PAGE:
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Councils offered separate collections advice

A ‘step-by-step’ publication to help local authorities with their legal obligations under the EU Waste Framework Directive has been launched.

The advice, issued by the London Waste and Recycling Board (LWARB) and WRAP in the absence of official guidance from Defra, was developed in response to fears that councils might fall foul of EU law.

From 1 January 2015, waste collectors must collect paper, glass, metal and plastic by separate collection in order to comply with the Directive. This is unless it is not technically, economically and environmentally practicable (TEEP) to do so.

A number of figures within the waste and recycling industry feared that without TEEP guidance, councils or waste management companies could be subject to legal challenges.

WRAP and LWARB’s advice – drafted in conjunction with local authority waste networks – outlines how TEEP assessments might be carried out.

LWARB and WRAP insisted the document, called the Waste Regulations Route Map, is not classified as ‘guidance’.

It was peer reviewed by 20 English local authorities representing a “broad mix of current service provision and authority type, as well a being a mix of urban and rural authorities”.

Wayne Hubbard, LWARB chief operating officer, said: “It is a critical tool for local authorities, particularly those in a dense urban environment such as London, where space for recycling can be an issue. Local authorities will be able to use the Route Map to help them determine the best local solution that meets the requirements of the Regulations.”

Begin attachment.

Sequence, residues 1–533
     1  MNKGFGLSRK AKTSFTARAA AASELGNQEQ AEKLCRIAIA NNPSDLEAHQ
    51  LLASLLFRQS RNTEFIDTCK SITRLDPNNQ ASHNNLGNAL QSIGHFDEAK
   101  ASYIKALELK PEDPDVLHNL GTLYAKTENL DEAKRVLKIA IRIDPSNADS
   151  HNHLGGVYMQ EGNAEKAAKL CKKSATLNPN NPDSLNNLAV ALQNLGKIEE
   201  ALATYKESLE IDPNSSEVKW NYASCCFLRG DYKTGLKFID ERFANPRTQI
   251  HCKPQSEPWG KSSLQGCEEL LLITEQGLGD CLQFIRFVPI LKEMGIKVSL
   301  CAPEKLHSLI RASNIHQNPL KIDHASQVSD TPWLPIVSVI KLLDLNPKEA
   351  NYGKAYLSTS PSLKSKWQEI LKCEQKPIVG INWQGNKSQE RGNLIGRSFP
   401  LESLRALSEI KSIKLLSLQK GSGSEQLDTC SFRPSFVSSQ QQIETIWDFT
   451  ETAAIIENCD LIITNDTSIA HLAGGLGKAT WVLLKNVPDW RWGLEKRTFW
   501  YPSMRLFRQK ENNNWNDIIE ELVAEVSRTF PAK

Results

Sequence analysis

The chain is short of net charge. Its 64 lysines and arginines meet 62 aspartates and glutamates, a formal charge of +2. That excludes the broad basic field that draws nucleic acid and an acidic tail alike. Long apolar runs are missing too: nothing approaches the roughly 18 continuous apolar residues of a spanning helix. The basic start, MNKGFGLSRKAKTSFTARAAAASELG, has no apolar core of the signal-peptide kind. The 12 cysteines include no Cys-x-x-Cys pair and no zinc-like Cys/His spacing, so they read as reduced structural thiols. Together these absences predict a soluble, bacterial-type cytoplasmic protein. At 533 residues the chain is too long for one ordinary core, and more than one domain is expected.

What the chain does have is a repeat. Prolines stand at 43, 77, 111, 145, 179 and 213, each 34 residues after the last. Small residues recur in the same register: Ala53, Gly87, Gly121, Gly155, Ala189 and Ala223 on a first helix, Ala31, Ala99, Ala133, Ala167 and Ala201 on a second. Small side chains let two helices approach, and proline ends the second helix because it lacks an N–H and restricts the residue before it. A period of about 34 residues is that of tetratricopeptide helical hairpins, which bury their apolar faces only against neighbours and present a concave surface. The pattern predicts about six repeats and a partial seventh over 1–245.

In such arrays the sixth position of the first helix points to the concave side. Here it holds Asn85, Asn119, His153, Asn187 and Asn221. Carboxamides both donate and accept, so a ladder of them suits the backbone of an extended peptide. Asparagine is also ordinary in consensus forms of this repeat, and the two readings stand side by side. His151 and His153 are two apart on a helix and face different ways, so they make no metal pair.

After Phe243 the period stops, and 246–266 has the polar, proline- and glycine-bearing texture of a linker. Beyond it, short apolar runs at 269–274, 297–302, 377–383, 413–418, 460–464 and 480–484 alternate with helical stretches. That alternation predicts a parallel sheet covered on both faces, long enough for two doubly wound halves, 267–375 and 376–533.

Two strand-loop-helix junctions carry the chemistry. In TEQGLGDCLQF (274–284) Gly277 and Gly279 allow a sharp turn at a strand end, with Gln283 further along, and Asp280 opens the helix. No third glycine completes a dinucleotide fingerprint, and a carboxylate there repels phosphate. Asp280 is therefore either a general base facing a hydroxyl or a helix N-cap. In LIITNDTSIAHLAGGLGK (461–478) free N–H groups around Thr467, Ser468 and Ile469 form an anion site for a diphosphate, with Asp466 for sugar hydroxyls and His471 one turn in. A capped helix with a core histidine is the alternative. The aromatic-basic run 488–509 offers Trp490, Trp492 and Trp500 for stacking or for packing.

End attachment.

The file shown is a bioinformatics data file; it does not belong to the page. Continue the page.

James Fulford, director of Eunomia said: “The implications for the UK waste and resources sector of the Waste Framework Directive and the related UK Regulations are significant and pressing yet remain poorly understood.

“With statutory guidance no longer expected, various local authority representative organisations stepped into the breach to commission Eunomia to prepare the Waste Regulations Route Map.”

The Chartered Institution of Wastes Management is to launch a consultation with its members on the document.

Chief executive Steve Lee said: “It offers the opportunity for local authorities to carry out their assessments in a consistent way that will stand up to scrutiny, and a common framework for those who wish to work together and share approaches.

“Waste collection and recycling is going through a period of change and uncertainty and it is unusual for support of this kind not to come from Government, given the strategic importance of the issues involved and the potentially far reaching consequences.

“In moving forward, it is important that we work as collaboratively as possible, ensure that the good work of councils and the industry in the last decade is not undermined, and maintain the public’s confidence in recycling.”


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